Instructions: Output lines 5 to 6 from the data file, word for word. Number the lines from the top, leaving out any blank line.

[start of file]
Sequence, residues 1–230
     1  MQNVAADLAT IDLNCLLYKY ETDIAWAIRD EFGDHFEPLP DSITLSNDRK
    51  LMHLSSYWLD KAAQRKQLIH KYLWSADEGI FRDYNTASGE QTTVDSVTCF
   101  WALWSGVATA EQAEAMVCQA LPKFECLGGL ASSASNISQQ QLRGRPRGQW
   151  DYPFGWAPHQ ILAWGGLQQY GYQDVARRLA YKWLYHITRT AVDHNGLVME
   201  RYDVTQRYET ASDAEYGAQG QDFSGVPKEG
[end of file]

   151  DYPFGWAPHQ ILAWGGLQQY GYQDVARRLA YKWLYHITRT AVDHNGLVME
   201  RYDVTQRYET ASDAEYGAQG QDFSGVPKEG